There are a lot of reasons to think developments in Europe had a significant and near-immediate effect on developments in East Asia and vice versa since at least the bronze age, but these were not directly recorded, perhaps because they are merely coincidences, perhaps because it happened through series of middlemen\merchants. Many simply pre-date the written record and have to be inferred from archaeological evidence. Global climate trends are also a possible culprit behind some of the apparent co-developments. Records on the volume and types of historical trade are especially lacking until the early modern period, when governments for the first time took an active permanent interest in trade policies.
I think it useful to learn history through the perspectives of the people who lived it. This comes with cultural biases, but that's a good thing. People should learn not just what ancient foreigners did, but why they did it and how they thought about the issues. Just as we should learn how our contemporaries from different places and cultures think differently. It is more important to understand the diversity of human experience than it is to artificially unify that diversity into a convenient historical narrative. This also helps us to understand that our particular ancestors are, far enough back, essentially foreign to us.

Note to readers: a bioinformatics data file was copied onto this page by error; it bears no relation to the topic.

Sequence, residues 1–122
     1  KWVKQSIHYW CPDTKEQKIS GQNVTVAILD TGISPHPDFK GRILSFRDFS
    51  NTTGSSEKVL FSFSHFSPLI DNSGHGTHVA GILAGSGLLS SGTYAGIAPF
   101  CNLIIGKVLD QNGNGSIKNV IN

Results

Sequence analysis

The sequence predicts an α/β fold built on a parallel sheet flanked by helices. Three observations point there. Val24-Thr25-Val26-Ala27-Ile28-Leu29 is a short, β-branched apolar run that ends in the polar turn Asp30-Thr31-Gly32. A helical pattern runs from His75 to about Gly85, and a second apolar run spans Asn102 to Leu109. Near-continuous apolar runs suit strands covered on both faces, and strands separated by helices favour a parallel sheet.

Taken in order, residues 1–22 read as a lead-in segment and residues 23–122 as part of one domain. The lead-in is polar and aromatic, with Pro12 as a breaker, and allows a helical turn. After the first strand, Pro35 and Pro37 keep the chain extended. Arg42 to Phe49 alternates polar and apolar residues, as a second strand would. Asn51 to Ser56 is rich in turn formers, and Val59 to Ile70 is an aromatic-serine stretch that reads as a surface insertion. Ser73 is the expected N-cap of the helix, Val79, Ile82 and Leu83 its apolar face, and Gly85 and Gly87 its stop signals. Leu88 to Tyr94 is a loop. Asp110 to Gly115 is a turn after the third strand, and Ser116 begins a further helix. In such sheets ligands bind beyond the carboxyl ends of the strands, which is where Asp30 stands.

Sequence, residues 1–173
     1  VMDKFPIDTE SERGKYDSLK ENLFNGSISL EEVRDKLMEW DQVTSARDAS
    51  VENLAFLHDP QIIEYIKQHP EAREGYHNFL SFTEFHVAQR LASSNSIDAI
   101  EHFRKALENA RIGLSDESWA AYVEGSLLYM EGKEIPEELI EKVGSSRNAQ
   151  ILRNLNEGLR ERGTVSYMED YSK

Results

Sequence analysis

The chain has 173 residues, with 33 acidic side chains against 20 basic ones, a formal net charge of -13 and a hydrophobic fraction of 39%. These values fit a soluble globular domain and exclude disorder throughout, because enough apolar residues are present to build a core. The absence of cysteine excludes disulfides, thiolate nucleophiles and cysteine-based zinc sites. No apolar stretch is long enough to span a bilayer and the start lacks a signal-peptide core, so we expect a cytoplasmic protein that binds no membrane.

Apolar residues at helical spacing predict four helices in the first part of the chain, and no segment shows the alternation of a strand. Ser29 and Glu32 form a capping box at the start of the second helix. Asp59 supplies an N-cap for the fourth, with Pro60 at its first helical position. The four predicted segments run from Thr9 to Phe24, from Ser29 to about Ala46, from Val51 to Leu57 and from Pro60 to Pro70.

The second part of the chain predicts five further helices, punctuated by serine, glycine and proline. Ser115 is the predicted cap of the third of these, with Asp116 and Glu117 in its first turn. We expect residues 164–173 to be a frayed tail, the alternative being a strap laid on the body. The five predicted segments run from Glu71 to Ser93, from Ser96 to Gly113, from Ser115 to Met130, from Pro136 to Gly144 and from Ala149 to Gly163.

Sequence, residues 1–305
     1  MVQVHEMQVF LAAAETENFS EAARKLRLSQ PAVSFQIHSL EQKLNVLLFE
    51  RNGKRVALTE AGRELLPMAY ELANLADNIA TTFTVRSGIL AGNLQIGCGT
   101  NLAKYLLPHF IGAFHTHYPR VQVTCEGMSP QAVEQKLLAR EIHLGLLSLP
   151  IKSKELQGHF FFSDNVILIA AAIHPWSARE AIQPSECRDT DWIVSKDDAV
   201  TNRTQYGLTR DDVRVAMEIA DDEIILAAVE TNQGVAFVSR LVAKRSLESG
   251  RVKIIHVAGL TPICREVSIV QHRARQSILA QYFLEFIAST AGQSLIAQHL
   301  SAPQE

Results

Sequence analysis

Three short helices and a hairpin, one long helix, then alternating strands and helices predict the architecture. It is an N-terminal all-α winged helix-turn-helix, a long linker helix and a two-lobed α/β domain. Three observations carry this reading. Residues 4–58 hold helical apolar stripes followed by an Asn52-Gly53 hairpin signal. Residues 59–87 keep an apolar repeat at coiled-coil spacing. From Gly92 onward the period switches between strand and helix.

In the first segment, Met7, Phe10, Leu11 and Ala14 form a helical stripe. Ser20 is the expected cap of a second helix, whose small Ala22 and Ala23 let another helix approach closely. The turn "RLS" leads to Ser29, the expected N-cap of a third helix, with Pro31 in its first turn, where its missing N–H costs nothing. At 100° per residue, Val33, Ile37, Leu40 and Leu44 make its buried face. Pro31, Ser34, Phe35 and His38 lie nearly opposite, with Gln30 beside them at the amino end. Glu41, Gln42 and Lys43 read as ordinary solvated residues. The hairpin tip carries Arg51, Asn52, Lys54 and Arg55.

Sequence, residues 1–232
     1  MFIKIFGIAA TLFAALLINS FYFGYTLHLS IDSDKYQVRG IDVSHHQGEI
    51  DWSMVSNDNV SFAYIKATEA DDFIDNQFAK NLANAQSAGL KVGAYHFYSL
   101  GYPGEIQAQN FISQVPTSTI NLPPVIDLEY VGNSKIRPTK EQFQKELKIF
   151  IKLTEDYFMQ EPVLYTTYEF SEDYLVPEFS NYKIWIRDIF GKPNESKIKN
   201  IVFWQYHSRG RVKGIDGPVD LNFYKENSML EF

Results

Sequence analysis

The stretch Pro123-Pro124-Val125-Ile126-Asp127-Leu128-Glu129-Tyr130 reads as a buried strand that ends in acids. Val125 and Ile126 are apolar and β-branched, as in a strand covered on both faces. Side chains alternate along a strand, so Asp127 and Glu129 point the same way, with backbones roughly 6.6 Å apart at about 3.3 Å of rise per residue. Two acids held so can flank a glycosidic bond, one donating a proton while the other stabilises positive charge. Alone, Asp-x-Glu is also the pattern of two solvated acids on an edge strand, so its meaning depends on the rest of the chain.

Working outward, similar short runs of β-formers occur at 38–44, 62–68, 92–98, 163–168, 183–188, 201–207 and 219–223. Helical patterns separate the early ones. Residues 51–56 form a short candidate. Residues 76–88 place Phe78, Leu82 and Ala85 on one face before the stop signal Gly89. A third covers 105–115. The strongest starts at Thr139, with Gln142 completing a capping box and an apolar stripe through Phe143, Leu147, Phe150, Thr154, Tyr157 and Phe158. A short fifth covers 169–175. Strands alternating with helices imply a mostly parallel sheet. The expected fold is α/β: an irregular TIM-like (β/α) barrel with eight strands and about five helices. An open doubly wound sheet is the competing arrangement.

Jun 21, 17 / Leo 04, 01 00:15 UTC
Sammwich is certainly onto something. Historically (no pun intended), societies have only been as culturally aware as their immediate needs deemed necessary. Trade, after all, began with one person to the next. As a want/need arose that the other couldn't provide, humans began seeking to expand their awareness. Soon tribes were trading with other tribes, villages with other villages, nations with other nations. Globalization began with the "you and I". Because it's taken many thousands of years to get from that beginning until now, history itself largely localized. Even perspectives of history. You'll get very different accounts of Kadesh, between Hattussa and Ramses. We need to remember all sides of history, because the truth is usually somewhere in the middle.